A few interesting publications

Here are two excellent articles related to Zach Etienne's colloquium




Selected Publications

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By S. D. Bergeson (et al.)
Abstract: We have extended two-photon Doppler-free spectroscopy to the vacuum ultraviolet spectral region, to accurately measure the He 1 S-1-2 S-1 transition at 120 nm. Our result is 4984872315(48) MHz. This yields a ground state Lamb shift of 41104(48) MHz, in fair agreement with theory and other experiments. This approach has the potential for significantly better accuracy once improvements in the laser and the wavelength metrology are implemented.
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By S. D. Bergeson (et al.)
Abstract: New experimental branching fractions and transition probabilities are reported for 56 transitions in Fe II. The branching fractions are measured with a Fourier transform spectrometer and also with a high-resolution grating spectrometer on an optically thin hollow cathode discharge. Highly accurate experimental radiative lifetimes from the recent Literature provide the normalization required to convert our branching fractions into absolute transition probabilities. Results are compared with experimental and theoretical values in the literature. Our new transition probabilities will establish the absolute scale for relative absorption oscillator strengths of vacuum ultraviolet lines measured using a new high-sensitivity absorption experiment at the University of Wisconsin.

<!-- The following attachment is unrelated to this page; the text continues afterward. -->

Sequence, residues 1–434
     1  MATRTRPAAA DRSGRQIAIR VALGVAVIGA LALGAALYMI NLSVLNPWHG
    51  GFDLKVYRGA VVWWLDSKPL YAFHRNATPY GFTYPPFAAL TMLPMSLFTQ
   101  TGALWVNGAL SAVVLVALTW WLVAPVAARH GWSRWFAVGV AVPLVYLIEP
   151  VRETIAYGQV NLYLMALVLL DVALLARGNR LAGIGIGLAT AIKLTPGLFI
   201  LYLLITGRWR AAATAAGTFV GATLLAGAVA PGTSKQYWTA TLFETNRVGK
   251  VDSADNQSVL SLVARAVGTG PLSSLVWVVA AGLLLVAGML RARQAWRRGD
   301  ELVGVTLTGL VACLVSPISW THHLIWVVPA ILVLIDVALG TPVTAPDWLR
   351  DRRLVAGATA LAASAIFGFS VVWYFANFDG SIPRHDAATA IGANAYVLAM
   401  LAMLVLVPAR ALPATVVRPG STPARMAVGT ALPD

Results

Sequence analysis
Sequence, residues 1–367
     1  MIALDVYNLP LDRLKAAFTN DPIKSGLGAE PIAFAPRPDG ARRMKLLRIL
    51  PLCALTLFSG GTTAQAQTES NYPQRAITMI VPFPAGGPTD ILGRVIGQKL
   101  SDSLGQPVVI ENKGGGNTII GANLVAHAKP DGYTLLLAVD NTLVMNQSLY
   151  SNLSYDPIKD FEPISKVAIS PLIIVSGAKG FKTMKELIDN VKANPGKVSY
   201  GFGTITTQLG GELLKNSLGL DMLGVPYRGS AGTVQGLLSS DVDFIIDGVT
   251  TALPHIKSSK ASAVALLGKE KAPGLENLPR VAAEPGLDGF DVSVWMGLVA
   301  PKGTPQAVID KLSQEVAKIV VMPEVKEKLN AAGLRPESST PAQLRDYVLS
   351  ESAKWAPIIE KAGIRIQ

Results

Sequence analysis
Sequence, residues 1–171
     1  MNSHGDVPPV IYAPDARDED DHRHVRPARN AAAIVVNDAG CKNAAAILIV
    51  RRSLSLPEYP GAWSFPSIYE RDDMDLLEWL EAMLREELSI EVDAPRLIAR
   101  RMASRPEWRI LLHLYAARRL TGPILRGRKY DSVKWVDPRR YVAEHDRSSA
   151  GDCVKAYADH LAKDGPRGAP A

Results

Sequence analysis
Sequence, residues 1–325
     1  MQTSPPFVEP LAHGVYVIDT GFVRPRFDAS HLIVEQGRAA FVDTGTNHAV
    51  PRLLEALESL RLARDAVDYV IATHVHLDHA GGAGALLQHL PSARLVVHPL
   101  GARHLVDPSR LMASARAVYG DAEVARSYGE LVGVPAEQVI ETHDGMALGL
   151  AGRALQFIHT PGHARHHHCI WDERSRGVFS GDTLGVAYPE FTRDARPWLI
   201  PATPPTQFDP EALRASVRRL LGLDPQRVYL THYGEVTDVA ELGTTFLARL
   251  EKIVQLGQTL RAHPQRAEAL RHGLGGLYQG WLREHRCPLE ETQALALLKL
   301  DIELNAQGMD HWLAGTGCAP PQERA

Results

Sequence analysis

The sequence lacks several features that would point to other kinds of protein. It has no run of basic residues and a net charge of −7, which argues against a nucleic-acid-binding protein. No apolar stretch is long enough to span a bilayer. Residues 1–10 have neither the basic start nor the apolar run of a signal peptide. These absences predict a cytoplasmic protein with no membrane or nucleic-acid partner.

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By S. D. Bergeson (et al.)
Abstract: We report the first measurements of UV oscillator strengths (f-values) in Fe II from a high-sensitivity absorption experiment developed at the University of Wisconsin. The accuracy of our measurements is demonstrated by our reproducing well-known f-value ratios in Fe I and Fe II. The first laboratory f-value measurement of the 160.845 nm transition in Fe II is presented and compared to values in the literature. While this paper focuses on Fe II, the high-sensitivity absorption method that we have developed is applicable to essentially every element in the periodic table, for both neutral and singly ionized species, over a broad range of wavelength and line strength.

Theses, Captstones, and Dissertations